For testers, this shift can be worrisome. After all, DevOps represents a significant change to when and even how testing occurs by calling for testing to occur more often, frequently at the hands of developers and in a more automated fashion.
Arguably the biggest change that results from this increased responsibility is the need to pay closer attention to what happens to software in production. In a typical waterfall or even agile scenario, production is very much a black box for testers. Once code gets sent to production, another team looks at the error rates and checks calls from customers about issues. That team then logs those issues as tickets for testers. But this system creates a long feedback cycle that simply doesn’t work in a fast-paced DevOps environment.
Meanwhile, when you adopt DevOps, one of the first things you often do is measure your cycle time and look for ways to reduce the build and test times. Given the need to resolve bugs faster, it’s essential to include the feedback cycle in that measurement as well. And the best way to shorten the feedback cycle is to involve testers in production. Specifically, instead of having your testers hand off code to production and walk away, ask them to start paying attention to what happens in production by looking for errors and working to fix them before they become issues reported by users. This approach not only shortens the feedback cycle, but it also reduces defect rates and minimizes errors found by users — an all around win.
2) Don’t Overlook the Importance of Soft Skills
One of the biggest challenges that testers tend to face when adopting DevOps centers around soft skills. Because DevOps requires testers to be involved in more than just one siloed testing phase in the software development lifecycle, it means they must flex communication and collaboration skills that they haven’t necessarily had to use in the past.
For example, in a DevOps world, testers must be able to attend a planning session and communicate effectively with developers about what will get tested, how it will get tested, who will do the testing and when the testing will occur. This need to communicate across teams more frequently can take many testers out of their comfort zones, but it’s a necessary leap in order to make a smooth transition to DevOps. That’s because if you don’t break down silos between testers and developers by increasing communication and collaboration, you’ll never achieve the efficiency you want, regardless of how well everything runs from a technical standpoint.
As part of this effort, testers must be able to check build logs, ensure automated tests run properly and understand how the software works on a much deeper level than they’ve had to previously. Additionally, testers must get proactively involved in the delivery process to help move software through the development lifecycle faster and produce a higher quality end product. Fulfilling those imperatives requires basic coding skills.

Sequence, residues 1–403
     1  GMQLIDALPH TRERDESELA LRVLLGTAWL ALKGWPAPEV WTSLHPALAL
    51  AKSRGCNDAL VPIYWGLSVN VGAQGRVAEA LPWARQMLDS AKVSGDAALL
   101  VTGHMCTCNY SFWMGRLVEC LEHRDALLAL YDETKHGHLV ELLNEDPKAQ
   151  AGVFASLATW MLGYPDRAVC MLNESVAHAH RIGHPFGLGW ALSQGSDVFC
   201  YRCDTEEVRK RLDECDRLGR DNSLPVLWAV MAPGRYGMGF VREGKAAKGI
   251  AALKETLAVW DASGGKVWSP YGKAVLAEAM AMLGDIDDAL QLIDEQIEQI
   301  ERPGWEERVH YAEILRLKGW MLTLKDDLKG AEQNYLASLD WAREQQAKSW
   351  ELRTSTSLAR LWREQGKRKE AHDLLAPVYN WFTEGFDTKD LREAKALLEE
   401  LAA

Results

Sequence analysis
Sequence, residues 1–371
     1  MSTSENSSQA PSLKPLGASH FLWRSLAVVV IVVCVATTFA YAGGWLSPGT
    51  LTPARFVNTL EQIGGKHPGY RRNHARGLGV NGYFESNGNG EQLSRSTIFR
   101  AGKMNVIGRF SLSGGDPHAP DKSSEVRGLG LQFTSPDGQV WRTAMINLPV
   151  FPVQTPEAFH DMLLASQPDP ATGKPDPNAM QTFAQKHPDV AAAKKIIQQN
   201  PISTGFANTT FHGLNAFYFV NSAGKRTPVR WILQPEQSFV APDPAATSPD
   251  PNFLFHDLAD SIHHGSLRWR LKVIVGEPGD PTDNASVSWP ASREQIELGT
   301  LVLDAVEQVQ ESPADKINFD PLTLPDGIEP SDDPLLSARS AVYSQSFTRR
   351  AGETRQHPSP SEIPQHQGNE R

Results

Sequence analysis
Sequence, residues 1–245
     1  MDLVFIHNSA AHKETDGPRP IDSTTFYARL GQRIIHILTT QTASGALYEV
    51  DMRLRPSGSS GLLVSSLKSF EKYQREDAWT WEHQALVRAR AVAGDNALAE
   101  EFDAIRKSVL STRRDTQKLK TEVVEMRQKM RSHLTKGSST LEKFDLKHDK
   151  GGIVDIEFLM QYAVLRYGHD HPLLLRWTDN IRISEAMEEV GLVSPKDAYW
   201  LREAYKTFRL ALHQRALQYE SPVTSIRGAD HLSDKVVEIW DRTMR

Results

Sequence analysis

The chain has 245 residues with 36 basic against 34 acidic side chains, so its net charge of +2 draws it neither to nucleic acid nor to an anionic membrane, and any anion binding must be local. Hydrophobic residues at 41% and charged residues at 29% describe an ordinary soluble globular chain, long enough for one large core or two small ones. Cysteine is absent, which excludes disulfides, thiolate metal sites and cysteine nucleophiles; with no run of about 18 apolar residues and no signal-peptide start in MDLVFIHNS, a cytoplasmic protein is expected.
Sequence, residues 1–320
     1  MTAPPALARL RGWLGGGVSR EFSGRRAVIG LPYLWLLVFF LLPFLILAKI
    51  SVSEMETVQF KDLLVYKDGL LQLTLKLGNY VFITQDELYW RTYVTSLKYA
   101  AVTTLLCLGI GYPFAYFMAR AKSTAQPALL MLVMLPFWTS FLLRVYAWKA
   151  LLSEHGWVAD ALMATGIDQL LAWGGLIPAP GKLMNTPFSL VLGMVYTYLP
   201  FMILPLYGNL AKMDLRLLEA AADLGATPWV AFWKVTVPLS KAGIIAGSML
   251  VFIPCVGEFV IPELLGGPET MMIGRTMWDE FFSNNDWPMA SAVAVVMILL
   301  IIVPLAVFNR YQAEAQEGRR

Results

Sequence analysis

As a result, testers need to shift from reporting on these types of test results to reporting on a more strategic level that conveys how testing is progressing. For example, try reporting on how automation efforts contribute to bugs found in testing, the team’s progress toward automating more tests, how testing efficiency improves by release, how development and test teams are collaborating to reduce the turnaround time to fix issues and confirm fixes and how the testing team is increasing coverage (and thereby reducing risk).
5) Focus on Test Optimization, Not Test Automation
Test automation is absolutely necessary in a fast-moving DevOps environment, but it’s important to think about the bigger picture too, because test automation alone will not solve all of your manual process problems. Instead of focusing solely on how to achieve your desired level of test automation, try thinking about how to optimize your whole testing strategy.
Think of it this way: If you buy a Ferrari to go fast but end up taking only backroads instead of the highway, you won’t get to your destination any sooner. Focusing solely on test automation without taking steps to optimize your DevOps testing strategy creates a similar situation because you end up using an efficiency-driven tool in the least efficient way possible.
In contrast, taking on test optimization efforts should help increase efficiency by finding the right mix of unit, integration and functional automation alongside manual and exploratory testing. To find this mix, testers must identify and report on areas of risk and take the time to review test plans, including test creation, test execution and amount of testing.
6) Shift Left for Increased Automation…
Everyone knows that the longer you put off a problem, the worse it’s going to get in the long run. And in the continuous delivery-driven DevOps world, letting a problem fester means letting the release bottleneck grow. This situation happens most often when you run too many tests manually at the end of a cycle instead of automating them.
Now, we’ve always said testing in production isn’t ideal. After all, finding a bug in production is extremely costly. However, testing in production has become important since the frequent releases that come with operating in a DevOps environment can cause bugs to make it through the pre-production phases of the software development lifecycle.
As a result, testers should not only be prepared to test earlier in the software development lifecycle, but they should also make plans to test in production. One way to accomplish this shift right is to implement monitoring tools that can detect where errors occur and how users are actually using the software. This setup allows end users to inform the business about new test scenarios that require automation. From there, testers can add those tests to their library to make sure they get worked into the continuous pipeline.